It is worth noting that the verbs in this verse all point to God as the one who does the action: He makes us completely holy and He preserves us blameless. His Spirit works to draw us increasingly closer to His heart, to lead us in increasing fashion to find joy and peace in obeying Him. It is not that we have nothing to do in this matter – we must surrender, obey, and follow Him – but the work is essentially His to begin and to complete (Phil. 1:6 and 1 Thes. 5:24). The Christian faith is about God changing our hearts and not just about us trying to be outwardly obedient to do what we don’t want to do (Phil. 2:13).

Oswald Chamber’s devotion for today (Oct. 21) stressed the importance of doing this every day, of being exceptional in ordinary things, not just doing exceptional things:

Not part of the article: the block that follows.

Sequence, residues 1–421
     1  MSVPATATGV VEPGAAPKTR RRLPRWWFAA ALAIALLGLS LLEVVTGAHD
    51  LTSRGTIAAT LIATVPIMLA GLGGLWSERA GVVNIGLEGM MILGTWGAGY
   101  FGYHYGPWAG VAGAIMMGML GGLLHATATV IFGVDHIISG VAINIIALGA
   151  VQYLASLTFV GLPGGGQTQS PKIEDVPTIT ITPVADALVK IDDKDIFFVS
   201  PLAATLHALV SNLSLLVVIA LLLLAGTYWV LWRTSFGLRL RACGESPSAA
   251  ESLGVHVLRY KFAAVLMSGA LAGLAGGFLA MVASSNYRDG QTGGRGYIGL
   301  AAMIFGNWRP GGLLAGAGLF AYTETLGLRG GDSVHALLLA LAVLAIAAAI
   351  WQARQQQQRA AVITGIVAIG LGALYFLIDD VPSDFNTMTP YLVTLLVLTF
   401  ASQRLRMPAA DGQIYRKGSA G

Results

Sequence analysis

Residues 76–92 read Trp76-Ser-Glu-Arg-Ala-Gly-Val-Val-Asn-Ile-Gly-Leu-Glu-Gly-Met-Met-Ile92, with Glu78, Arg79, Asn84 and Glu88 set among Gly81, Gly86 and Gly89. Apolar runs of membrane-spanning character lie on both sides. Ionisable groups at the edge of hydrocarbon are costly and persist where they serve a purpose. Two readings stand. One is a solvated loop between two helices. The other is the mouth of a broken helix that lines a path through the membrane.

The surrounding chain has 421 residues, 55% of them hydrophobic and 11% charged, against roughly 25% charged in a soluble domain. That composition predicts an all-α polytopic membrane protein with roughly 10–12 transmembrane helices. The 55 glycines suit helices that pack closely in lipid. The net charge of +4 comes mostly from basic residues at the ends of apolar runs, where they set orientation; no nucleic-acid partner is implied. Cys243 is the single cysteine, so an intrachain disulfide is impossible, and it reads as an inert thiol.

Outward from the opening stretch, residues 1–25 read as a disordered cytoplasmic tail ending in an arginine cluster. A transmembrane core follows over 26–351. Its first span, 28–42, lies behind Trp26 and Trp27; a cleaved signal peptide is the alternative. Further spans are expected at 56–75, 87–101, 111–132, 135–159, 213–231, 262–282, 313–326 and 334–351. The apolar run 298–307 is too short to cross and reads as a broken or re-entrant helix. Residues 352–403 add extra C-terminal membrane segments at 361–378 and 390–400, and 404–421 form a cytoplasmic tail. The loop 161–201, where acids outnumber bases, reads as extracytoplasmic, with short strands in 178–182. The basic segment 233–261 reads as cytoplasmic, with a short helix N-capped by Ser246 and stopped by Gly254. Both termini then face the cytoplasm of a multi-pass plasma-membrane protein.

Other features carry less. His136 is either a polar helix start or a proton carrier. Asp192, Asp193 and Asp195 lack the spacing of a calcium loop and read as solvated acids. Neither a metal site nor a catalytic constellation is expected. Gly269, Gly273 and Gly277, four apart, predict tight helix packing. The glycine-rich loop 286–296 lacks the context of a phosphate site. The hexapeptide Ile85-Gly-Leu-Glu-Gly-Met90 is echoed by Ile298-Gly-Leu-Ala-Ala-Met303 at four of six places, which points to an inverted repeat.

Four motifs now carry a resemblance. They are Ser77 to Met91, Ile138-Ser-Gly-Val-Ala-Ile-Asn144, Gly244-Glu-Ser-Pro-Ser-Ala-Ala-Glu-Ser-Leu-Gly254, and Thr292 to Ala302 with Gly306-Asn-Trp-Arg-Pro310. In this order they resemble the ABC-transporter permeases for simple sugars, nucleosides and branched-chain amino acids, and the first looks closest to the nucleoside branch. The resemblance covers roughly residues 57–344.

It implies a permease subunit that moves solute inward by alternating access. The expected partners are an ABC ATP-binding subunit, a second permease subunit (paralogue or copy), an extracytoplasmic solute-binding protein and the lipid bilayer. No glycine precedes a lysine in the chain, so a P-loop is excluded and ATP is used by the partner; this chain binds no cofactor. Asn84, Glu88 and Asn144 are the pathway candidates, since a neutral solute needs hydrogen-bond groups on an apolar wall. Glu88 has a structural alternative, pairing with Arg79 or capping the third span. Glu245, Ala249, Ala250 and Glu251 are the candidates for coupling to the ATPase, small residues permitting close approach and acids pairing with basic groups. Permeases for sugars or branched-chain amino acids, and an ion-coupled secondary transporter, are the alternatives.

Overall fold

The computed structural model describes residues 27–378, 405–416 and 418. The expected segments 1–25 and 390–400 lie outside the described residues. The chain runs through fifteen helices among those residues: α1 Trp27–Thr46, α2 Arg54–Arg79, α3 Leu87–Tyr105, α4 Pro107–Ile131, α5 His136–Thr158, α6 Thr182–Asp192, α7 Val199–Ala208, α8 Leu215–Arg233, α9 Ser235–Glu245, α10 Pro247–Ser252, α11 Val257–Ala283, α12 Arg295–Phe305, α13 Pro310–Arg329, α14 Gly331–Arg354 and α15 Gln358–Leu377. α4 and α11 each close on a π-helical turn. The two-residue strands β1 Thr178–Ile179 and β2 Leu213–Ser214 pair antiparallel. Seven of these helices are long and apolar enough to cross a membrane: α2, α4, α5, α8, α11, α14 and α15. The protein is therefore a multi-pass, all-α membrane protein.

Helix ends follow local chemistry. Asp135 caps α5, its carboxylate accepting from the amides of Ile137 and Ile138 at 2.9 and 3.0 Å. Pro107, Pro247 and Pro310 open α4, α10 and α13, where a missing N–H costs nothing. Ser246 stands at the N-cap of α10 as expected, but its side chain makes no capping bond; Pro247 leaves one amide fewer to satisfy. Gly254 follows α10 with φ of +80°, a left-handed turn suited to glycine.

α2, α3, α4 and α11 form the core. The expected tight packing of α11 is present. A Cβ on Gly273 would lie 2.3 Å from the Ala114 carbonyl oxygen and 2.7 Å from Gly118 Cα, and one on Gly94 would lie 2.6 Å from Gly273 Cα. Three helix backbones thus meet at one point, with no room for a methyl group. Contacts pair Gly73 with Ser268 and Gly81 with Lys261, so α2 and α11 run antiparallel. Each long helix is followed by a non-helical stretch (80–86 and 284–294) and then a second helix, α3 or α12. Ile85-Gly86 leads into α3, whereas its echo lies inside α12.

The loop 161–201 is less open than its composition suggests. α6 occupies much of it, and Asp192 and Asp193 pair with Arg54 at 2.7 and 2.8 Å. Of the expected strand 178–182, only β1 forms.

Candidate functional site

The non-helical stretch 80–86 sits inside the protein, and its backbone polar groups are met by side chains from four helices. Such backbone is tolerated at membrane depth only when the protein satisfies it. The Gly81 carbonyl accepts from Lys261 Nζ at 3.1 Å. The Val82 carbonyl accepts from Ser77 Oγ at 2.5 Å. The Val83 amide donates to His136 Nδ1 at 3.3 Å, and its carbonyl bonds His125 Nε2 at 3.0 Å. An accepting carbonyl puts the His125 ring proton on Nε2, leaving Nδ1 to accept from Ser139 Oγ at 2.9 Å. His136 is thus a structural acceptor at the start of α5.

Discipleship is built entirely on the supernatural grace of God. Walking on the water is easy to impulsive pluck, but walking on dry land as a disciple of Jesus Christ is a different thing. Peter walked on the water to go to Jesus, but he followed Him afar off on the land. We do not need the grace of God to stand crises, human nature and pride are sufficient, we can face the strain magnificently; but it does require the supernatural grace of God to live twenty-four hours in every day as a saint, to go through drudgery as a disciple, to live an ordinary, unobserved, ignored existence as a disciple of Jesus. It is inbred in us that we have to do exceptional things for God; but we have not. We have to be exceptional in the ordinary things, to be holy in mean streets, among mean people, and this is not learned in five minutes. (Oswald Chambers, My Utmost for His Highest)

Have you chosen the more important matters as your life goals? Have you placed as of first importance to your heart to know Christ? (Phil. 3:8) Have you desired, more than wealth, power, and prestige, to live blameless before Him? This is the measure of true success in life. Only His kingdom is eternal.